1937 Delage D6-70
Get to know the car!
Founded near Paris in 1905 by Louis Delage, Delage went on to become one of the France’s premier luxury car makers alongside Bugatti, Hispano Suiza and Talbot Lago. Following much success in the following years, the backlash of the economic crisis of 1929 drastically affected the luxury car market. But Louis Delage would not admit defeat! In 1932 came the D6-11, two years later the D8-15. These two models, equipped with independent front wheels and an innovative engine were not quite enough to curb falling sales.
On 20th April 1935 Delage went into liquidation, later to be bought by Delahaye as a means to position itself amongst the most prestigious car makers of the time. That venture though eventually failed, and the last car with a Delage badge rolled of the production line in 1953.
ParisianIntroduced at the October 1930 Paris Salon, the Delage D6 was designed by Maurice Gaultier, fitted with a 3045cc OHV engine and allied to a four-speed ‘cotal’ gearbox. Beautifully built, the D6 was based around a sturdy ladder frame chassis equipped with all round leafspring suspension and four-wheel drum brakes. Outsold by its illustrious sibling – to which it was arguably too close in terms of both price and appeal – just 1160 D6’s are thought to have left the Parisian factory between 1930 and 1933.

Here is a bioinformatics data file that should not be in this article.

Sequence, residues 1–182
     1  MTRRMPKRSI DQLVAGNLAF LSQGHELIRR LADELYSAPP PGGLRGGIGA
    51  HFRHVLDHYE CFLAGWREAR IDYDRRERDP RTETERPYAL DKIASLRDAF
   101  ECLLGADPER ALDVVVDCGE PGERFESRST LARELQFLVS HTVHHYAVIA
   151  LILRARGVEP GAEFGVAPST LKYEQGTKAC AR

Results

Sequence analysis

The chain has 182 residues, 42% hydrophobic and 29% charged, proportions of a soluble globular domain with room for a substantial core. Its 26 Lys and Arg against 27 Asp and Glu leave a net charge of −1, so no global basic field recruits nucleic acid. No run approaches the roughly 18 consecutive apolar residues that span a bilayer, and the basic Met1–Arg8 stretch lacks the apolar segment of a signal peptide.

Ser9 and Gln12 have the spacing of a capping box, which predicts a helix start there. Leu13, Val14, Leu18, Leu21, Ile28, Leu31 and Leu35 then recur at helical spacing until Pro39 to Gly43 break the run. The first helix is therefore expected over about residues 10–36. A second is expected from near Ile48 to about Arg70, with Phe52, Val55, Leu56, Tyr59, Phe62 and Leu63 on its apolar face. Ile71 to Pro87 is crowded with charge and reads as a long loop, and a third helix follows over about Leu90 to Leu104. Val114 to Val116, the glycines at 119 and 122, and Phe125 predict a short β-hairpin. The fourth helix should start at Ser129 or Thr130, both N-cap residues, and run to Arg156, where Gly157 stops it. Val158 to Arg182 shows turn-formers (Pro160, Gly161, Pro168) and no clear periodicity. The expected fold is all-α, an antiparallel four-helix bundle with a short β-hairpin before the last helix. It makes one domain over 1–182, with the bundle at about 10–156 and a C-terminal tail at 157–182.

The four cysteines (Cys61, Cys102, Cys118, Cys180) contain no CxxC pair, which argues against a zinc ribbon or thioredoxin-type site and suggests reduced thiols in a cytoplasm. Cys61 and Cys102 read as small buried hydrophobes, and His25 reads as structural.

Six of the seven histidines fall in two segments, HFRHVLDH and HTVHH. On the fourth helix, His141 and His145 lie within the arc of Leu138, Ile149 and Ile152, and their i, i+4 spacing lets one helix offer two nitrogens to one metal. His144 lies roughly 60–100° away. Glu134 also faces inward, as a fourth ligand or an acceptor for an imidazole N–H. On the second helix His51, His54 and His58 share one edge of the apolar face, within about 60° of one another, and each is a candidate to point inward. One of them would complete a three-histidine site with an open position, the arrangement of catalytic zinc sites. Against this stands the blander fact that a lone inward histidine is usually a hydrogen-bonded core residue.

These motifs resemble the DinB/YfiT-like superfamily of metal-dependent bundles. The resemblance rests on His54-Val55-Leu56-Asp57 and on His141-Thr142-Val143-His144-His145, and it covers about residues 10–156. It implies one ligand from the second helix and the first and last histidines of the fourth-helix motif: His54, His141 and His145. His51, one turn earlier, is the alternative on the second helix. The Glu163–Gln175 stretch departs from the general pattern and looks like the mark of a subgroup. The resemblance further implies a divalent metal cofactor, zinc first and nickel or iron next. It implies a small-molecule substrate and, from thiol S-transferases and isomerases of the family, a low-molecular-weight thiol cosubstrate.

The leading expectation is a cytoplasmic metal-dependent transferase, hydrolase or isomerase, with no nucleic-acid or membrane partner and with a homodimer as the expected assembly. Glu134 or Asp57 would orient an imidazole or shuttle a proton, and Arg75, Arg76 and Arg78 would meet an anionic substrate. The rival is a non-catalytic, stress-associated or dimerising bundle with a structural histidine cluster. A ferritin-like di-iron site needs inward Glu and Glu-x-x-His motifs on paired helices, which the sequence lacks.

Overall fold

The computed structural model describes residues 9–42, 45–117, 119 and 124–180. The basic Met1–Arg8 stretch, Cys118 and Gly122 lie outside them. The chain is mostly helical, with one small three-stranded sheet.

Freshly rebuilt engineThis beautiful later type D6-70 (1937) example carries a cabriolet body designed by Henri Chapron and built in England by University Coachcraft. Owned by a Belgian collector for many years, the car has benefitted from restoration to the bodywork, interior and mechanicals. Having spent considerable time in the South of France, the car was a regular contender in the rallies with the French Delage club. The engine has been freshly rebuilt by us and is in top condition.
Wonderful tourerThe Delage is in good condition all round, this wonderful tourer is a fabulous addition to any serious collection. 1930 was the year that Delage introduced the D6 model range. The 6-cylinder engine was mainly developed for Delage’s luxury cars whose lifespan continued even after World War II until 1953. Starting with a 2001cc 6-cylinder, the engine size increased over time to a 3-litre Postwar engine and so did the power output.
Wonderful coach builds were made on these Delages and the make became known for its fabulous automobiles with the D8, 4litre 8- Cylinder, as the pinnacle of a flamboyant luxury car.